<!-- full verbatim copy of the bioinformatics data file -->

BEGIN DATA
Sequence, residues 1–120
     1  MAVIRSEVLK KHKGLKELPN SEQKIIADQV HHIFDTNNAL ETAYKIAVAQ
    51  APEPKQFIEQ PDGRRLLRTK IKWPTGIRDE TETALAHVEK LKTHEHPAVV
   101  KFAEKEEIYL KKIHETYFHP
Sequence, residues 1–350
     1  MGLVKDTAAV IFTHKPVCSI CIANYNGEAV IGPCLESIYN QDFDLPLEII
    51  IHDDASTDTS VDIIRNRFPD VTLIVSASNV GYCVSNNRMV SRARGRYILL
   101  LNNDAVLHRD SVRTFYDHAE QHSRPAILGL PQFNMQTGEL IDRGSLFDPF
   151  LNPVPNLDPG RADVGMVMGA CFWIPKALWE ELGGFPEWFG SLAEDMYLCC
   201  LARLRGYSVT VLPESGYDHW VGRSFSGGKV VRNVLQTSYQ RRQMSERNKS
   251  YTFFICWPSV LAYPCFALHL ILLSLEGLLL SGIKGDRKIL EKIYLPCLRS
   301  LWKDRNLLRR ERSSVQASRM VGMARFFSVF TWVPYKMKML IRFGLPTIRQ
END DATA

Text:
Sequence, residues 1–120
     1  MAVIRSEVLK KHKGLKELPN SEQKIIADQV HHIFDTNNAL ETAYKIAVAQ
    51  APEPKQFIEQ PDGRRLLRTK IKWPTGIRDE TETALAHVEK LKTHEHPAVV
   101  KFAEKEEIYL KKIHETYFHP
Sequence, residues 1–350
     1  MGLVKDTAAV IFTHKPVCSI CIANYNGEAV IGPCLESIYN QDFDLPLEII
    51  IHDDASTDTS VDIIRNRFPD VTLIVSASNV GYCVSNNRMV SRARGRYILL
   101  LNNDAVLHRD SVRTFYDHAE QHSRPAILGL PQFNMQTGEL IDRGSLFDPF
   151  LNPVPNLDPG RADVGMVMGA CFWIPKALWE ELGGFPEWFG SLAEDMYLCC
   201  LARLRGYSVT VLPESGYDHW VGRSFSGGKV VRNVLQTSYQ RRQMSERNKS
   251  YTFFICWPSV LAYPCFALHL ILLSLEGLLL SGIKGDRKIL EKIYLPCLRS
   301  LWKDRNLLRR ERSSVQASRM VGMARFFSVF TWVPYKMKML IRFGLPTIRQ